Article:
• embedding data and analytics at every level of product development

more>

The real stakes of Apple’s battle over remote work

By Shirin Ghaffary and Rani Molla – For the past several months, a fight has been brewing inside Apple, the world’s most profitable company, about a fundamental aspect of its business: whether its corporate employees must return to the office.

Apple expects employees to return to their desks at least three days a week when its offices reopen. And although the Covid-19 delta variant has made it unclear exactly when that will be, Apple’s normally heads-down employees are pushing back in an unprecedented way. They’ve created two petitions demanding the option to work remotely full time that have collected over 1,000 signatures combined, a handful of people have resigned over the matter, and some employees have begun speaking out publicly to criticize management’s stance.

Apple employees who don’t want to return to the office are challenging the popular management philosophy at many Silicon Valley companies that serendipitous, in-person collaboration is necessary to fuel innovation. more>

Updates from McKinsey

Running on all five sources: Actions leaders can take to create more meaningful work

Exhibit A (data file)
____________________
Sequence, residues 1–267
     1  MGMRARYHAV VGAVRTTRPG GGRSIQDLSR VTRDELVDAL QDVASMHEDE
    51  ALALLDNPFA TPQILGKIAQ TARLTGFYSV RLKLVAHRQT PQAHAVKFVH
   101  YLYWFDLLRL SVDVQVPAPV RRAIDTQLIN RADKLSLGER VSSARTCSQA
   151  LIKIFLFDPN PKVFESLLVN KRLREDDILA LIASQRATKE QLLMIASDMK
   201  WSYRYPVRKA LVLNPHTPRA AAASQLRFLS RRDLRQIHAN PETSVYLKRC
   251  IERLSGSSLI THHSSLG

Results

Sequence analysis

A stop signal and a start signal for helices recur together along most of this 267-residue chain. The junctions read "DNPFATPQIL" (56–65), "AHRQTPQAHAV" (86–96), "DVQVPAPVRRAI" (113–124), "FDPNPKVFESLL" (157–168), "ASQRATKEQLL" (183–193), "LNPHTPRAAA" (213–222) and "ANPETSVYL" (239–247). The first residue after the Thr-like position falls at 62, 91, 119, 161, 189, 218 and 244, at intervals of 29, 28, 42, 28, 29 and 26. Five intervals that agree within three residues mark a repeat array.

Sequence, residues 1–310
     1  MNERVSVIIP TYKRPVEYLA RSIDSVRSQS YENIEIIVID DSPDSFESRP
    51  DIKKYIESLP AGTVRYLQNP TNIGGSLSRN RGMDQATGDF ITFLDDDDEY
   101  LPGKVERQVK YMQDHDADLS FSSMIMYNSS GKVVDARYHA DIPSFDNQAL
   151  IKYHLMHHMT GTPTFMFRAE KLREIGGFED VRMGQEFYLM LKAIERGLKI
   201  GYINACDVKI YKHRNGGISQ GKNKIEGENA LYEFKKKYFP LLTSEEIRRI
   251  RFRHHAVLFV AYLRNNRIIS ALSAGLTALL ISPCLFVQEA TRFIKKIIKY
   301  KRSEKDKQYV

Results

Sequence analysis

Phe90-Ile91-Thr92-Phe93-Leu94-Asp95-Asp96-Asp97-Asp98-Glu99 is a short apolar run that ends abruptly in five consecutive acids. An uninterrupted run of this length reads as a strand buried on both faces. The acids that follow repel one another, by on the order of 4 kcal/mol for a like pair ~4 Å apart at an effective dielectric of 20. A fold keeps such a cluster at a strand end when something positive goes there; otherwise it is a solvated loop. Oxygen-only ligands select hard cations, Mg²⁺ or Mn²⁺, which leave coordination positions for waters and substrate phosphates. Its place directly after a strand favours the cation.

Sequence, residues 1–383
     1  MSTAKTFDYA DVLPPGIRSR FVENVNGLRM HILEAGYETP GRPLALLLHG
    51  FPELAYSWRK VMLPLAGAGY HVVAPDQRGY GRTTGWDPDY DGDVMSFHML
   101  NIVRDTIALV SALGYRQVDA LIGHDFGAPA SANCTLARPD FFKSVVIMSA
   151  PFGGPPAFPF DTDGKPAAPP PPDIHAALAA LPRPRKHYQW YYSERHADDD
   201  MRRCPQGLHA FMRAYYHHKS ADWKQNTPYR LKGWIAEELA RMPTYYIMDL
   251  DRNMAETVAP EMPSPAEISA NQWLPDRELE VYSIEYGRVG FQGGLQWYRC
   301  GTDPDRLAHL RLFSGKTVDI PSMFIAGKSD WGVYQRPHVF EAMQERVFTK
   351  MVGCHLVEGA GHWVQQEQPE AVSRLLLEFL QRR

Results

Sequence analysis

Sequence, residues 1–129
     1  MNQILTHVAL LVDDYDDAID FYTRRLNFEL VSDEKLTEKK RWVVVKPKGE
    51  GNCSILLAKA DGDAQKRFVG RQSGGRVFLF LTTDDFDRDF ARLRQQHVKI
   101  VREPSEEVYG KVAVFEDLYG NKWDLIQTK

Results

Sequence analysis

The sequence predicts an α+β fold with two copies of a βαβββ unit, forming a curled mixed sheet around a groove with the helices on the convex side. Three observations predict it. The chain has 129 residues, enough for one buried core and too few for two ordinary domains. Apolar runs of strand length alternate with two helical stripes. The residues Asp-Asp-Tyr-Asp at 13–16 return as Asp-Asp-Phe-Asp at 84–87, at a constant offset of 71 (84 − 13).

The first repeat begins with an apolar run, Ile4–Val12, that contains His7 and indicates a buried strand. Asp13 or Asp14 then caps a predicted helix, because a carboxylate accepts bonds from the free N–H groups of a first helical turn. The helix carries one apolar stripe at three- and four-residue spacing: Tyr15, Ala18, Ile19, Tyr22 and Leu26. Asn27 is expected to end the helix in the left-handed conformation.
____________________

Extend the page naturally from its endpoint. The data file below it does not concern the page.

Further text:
Knowing about the five sources of meaning is a great start, but the real magic occurs when leaders begin to embed them into how the work gets done.
By Timothy Bromley, Taylor Lauricella and Bill Schaninger – Research shows that when people view their work as meaningful, their performance and job attitudes improve significantly. Previously, we proposed a strategy that leaders can use to create meaningful work: making the connection to and highlighting the impact their work has on society, customers, the company, team, and individuals’ personal success—otherwise known as the five sources of meaning.

Knowing about the five sources of meaning is a great start, but the real magic occurs when leaders begin to embed them into how the work gets done. There are three steps leaders can take to start integrating the five sources this week:

  1. Determine what matters most. Start a dialogue with your team to understand what sources resonate most. This can be done during one-on-one check-ins or as a group exercise during a team meeting.
  2. Hardwire meaning into day-to-day work. Once you know what sources of meaning resonate most for your team, find small ways to hardwire them into existing activities and communications. Perhaps it’s adding an “impact story” or recognition to the start of a meeting, encouraging team members to lead meetings and complete work autonomously, or sharing customer feedback in a weekly recap email.
  3. Create connections. A common thread across the five sources is the impact of the work on others. Providing opportunities for your team to assist, mentor, support, or simply spend time with customers, other teams, members of the community, and one another is key to providing a touchpoint for meaningful experiences—particularly as the workforce returns from remote work.